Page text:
Kraków
Kraków
(Polish: [ˈkrakuf] ( listen)), also Cracow or Krakow (UK: /ˈkrækaʊ/; US: /ˈkrɑː-/),[2][3] is the second largest and one of the oldest cities in Poland. Situated on the Vistula
Vistula
River (Polish: Wisła) in the Lesser Poland
Poland
(Polish: Małopolska) region, the city dates back to the 7th century.[4] Kraków
Kraków
has traditionally been one of the leading centres of Polish academic, cultural, and artistic life and is one of Poland's most important economic hubs. It was the capital of the Crown of the Kingdom of Poland
Poland
from 1038 to 1569; the Polish–Lithuanian Commonwealth from 1569 to 1596[5], the Free City of Kraków
Free City of Kraków
from 1815 to 1846; the Grand Duchy of Cracow
Grand Duchy of Cracow
from 1846 to 1918; and Kraków Voivodeship from the 14th century to 1998
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JSTOR
JSTOR
JSTOR
(/ˈdʒeɪstɔːr/ JAY-stor;[3] short for Journal Storage) is a digital library founded in 1995. Originally containing digitized back issues of academic journals, it now also includes books and primary sources, and current issues of journals.[4] It provides full-text searches of almost 2,000 journals.[5] As of 2013, more than 8,000 institutions in more than 160 countries had access to JSTOR;[5] most access is by subscription, but some older public domain content is freely available to anyone.[6] JSTOR's revenue was $69 million in 2014.[7]Contents1 History 2 Content 3 Access3.1 Aaron Swartz
Aaron Swartz
incident 3.2 Limitations 3.3 Increasing public access4 Use 5 See also 6 References 7 Further reading 8 External linksHistory[edit] William G
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Digital Object Identifier
In computing, a Digital Object Identifier or DOI is a persistent identifier or handle used to uniquely identify objects, standardized by the International Organization for Standardization
International Organization for Standardization
(ISO).[1] An implementation of the Handle System,[2][3] DOIs are in wide use mainly to identify academic, professional, and government information, such as journal articles, research reports and data sets, and official publications though they also have been used to identify other types of information resources, such as commercial videos. A DOI aims to be "resolvable", usually to some form of access to the information object to which the DOI refers. This is achieved by binding the DOI to metadata about the object, such as a URL, indicating where the object can be found. Thus, by being actionable and interoperable, a DOI differs from identifiers such as ISBNs and ISRCs which aim only to uniquely identify their referents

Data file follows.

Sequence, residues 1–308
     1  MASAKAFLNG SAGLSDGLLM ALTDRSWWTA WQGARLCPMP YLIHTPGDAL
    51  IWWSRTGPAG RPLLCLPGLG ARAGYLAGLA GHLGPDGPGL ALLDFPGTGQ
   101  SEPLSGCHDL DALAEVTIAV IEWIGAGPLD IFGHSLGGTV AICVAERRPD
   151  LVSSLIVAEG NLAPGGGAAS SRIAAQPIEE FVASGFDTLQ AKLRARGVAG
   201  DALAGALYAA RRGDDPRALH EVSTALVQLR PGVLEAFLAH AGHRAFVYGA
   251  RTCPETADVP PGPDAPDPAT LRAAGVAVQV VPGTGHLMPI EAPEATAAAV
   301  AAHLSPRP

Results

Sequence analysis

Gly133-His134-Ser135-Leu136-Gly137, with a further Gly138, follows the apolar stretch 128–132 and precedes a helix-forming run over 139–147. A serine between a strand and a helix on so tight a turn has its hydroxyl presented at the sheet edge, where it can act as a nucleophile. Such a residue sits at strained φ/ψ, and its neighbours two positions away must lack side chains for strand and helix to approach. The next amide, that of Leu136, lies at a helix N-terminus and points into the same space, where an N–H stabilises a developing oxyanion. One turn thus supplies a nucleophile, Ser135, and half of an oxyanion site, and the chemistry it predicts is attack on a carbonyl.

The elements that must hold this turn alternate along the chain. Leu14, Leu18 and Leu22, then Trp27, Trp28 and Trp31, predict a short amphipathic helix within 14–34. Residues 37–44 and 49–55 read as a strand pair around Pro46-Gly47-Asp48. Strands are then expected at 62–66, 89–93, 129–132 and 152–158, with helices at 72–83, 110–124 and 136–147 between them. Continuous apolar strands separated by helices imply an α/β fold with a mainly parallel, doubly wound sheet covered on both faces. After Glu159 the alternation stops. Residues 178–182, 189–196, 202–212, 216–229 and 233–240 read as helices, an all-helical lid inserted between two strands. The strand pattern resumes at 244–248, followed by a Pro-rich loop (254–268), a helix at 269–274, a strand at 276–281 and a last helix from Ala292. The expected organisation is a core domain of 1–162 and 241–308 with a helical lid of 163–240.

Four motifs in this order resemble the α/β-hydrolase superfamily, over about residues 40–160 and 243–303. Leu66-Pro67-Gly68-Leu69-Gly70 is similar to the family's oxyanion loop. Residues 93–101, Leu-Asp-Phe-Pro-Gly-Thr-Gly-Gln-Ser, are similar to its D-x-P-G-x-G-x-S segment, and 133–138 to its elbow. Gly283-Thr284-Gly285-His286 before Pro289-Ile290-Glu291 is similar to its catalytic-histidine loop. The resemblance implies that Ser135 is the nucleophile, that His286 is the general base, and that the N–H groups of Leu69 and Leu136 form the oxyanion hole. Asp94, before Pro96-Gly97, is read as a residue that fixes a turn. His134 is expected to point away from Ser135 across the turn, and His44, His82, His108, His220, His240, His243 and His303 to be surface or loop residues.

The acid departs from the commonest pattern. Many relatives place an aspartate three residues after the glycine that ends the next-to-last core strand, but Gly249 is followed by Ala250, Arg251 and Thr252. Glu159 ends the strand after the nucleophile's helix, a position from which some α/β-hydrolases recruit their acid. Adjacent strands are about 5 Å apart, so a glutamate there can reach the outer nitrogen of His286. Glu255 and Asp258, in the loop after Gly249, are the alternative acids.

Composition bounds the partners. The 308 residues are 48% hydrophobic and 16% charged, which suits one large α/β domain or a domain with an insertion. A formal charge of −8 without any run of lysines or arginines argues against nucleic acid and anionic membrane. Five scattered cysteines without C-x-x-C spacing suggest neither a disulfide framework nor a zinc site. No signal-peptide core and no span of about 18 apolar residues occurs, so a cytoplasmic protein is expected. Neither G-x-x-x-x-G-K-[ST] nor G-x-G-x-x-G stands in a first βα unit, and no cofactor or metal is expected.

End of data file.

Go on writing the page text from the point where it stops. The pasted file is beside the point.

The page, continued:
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Royal Anthropological Institute Of Great Britain And Ireland
The Royal Anthropological Institute
Royal Anthropological Institute
of Great Britain and Ireland (RAI) is a long-established anthropological organisation, with a global membership. Its remit includes all the component fields of anthropology, such as biological anthropology, evolutionary anthropology, social anthropology, cultural anthropology, visual anthropology and medical anthropology, as well as sub-specialisms within these, and interests shared with neighbouring disciplines such as human genetics, archaeology and linguistics. It seeks to combine a tradition of scholarship with services to anthropologists, including students. The RAI promotes the public understanding of anthropology, as well as the contribution anthropology can make to public affairs and social issues
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International Standard Book Number
"ISBN" redirects here. For other uses, see ISBN (other).International Standard Book
Book